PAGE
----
A Variety of Stations

The river journey presented for the 31st an aspect of India not encountered by the Queen’s on the other side of the country. The regiment also experienced a greater variety of cantonments. One of the most impressive was at Dum Dum, outside Calcutta, which was built at the end of the 18th century by the East India Company for the Bengal Artillery. It was a large cantonment which included a number of fine public buildings including a church, reading rooms, an assembly hall and an imposing officers’ mess. The soldiers’ barrack rooms were single-storied buildings with deep verandahs and thatched roofs, set far apart to take advantage of any movement of air in the heat of summer.

Lucknow. The Residency,
Lucknow. The Residency,
The Memorial Pillar.
(Click to enlarge)

Dinapore was a transit port for officers and soldiers going by water to join their regiments further up country. It was also a regimental base. The place was low-lying and unhealthy and the cantonment accommodation limited. It was described as consisting of two quadrangles with a road dividing them in the centre; these formed the barracks, each for a wing of a regiment, the remaining sides of the square being the quarters of the officers: the central area was a smooth greensward, used as a parade ground. The river flowed on the north of the whole, and within a few yards of the quarters on that side. The surrounding country was flat and uninteresting, and the village became flooded during the rainy season.

Nevertheless the officers enjoyed sailing on the Ganges, and there was also the Dinapore hunt, which had a pack of dogs of all sorts. John Greenwood recalled that “Every member was obliged to bring two dogs into the field, and we hunted every evening. Plenty of foxes were to be purchased at about a shilling apiece; and after all the dogs had been collected and taken down to a plain near the course, and the field assembled, we used to turn them out of their baskets, and great fun we had with them....In India everyone who can afford it keeps horses. Their keep costs nothing compared with the expense in England...The syce or groom runs after his master when he rides out in order to hold his horse whenever it may please him to dismount...I have seen them frequently keep up with a buggy for eight or ten miles when the horse has been going at a sharp trot.. The other servant is the grass-cutter. His business is to go out every morning into the country, and return in the evening with a sufficient quantity of grass for the next day’s consumption”. There was an annual horse fair not far from Dinapur to which thousands of horses were brought for sale from all parts of India during which horse racing took place. The horses generally belonged to officers and civilians from the neighbouring stations and local indigo planters. Most of the jockeys were Indian boys but there were some Europeans.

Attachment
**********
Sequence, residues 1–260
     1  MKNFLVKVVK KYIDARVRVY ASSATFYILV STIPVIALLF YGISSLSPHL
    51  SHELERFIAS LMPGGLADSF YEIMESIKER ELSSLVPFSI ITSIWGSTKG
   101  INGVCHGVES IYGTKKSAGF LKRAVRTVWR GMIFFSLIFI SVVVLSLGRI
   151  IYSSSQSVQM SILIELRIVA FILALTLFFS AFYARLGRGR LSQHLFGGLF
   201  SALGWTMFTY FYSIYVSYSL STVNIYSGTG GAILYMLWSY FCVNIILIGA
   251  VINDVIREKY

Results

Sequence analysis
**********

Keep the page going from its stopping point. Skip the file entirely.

The regiment moved on to Meerut, the headquarters of a division of the Bengal Army, well situated to keep an eye on Delhi and to reinforce the north-eastern border should that be necessary. Poona and Meerut were both regarded as good stations, and Meerut, between Delhi and the Himalayan foothills, was a large one. Greenwood described it as “a very fine station, undoubtedly the best in India. The cantonments are very extensive, sufficient to accommodate six or seven thousand men, including a regiment of European cavalry, horse artillery and infantry. Smallpox is rather prevalent here, but generally the climate is not unhealthy. Shops for the sale of European wares of every description are large and numerous, and consequent on this competition the articles sold by them are at excessively moderate prices. All the officers’ bungalows have gardens attached to them in which far better vegetables and fruit may be raised than those that are proffered for sale in the bazaars. Mutton, beef, fowls etc are plentiful, of excellent quality and very cheap. There is plenty of wild fowl in the vicinity and the station is sufficiently near to the Himalayan mountains to render it an easy matter to ride up to Simla or some other hill station during the hot weather.” The soldiers’ barracks were also considered excellent. Each company had four detached buildings allotted to it with rooms for non-commissioned officers.


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